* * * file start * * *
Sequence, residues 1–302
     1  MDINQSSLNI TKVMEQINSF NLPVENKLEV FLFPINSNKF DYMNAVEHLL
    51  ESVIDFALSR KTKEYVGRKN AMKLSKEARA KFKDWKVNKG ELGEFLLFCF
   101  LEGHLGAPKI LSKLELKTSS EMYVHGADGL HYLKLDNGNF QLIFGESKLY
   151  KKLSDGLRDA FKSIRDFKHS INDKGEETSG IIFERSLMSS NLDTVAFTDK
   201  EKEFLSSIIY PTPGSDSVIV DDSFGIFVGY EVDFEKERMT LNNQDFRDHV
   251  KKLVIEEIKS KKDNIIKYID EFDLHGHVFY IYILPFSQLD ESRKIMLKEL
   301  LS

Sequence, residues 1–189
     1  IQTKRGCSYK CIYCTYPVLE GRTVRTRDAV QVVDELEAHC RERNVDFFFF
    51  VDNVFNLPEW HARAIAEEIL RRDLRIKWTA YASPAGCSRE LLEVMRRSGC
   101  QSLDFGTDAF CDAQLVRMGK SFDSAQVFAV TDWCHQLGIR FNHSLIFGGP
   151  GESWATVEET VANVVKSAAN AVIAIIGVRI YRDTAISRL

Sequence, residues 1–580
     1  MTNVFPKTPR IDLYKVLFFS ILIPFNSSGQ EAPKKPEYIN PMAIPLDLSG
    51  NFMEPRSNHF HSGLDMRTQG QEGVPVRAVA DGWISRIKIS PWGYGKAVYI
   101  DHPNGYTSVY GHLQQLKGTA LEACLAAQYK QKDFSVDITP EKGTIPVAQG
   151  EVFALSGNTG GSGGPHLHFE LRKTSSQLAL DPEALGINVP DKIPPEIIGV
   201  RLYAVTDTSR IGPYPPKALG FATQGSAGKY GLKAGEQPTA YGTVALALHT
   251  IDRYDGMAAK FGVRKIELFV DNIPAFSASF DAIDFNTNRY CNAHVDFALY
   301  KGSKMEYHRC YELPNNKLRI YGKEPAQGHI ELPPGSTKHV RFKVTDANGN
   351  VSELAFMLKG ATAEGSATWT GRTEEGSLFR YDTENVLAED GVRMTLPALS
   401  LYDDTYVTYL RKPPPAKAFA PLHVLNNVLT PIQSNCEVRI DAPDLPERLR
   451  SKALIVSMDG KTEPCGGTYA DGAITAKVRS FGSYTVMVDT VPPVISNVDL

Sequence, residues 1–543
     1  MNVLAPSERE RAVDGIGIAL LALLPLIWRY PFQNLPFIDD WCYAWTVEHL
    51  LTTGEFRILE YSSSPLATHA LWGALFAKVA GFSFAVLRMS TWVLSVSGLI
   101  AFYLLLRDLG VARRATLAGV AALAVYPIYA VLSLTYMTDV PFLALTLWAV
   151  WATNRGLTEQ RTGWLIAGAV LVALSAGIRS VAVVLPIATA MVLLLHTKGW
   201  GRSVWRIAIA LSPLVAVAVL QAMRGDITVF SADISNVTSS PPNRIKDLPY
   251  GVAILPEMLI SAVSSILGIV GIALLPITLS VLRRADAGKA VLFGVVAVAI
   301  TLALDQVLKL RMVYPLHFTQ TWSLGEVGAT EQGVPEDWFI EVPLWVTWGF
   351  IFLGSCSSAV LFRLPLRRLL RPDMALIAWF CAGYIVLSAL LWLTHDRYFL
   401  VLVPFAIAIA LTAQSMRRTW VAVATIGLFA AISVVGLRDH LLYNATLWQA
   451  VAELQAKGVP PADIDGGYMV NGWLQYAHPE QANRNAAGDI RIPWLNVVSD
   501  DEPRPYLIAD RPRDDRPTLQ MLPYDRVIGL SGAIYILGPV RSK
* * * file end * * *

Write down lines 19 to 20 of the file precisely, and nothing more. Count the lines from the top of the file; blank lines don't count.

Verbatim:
   201  RLYAVTDTSR IGPYPPKALG FATQGSAGKY GLKAGEQPTA YGTVALALHT
   251  IDRYDGMAAK FGVRKIELFV DNIPAFSASF DAIDFNTNRY CNAHVDFALY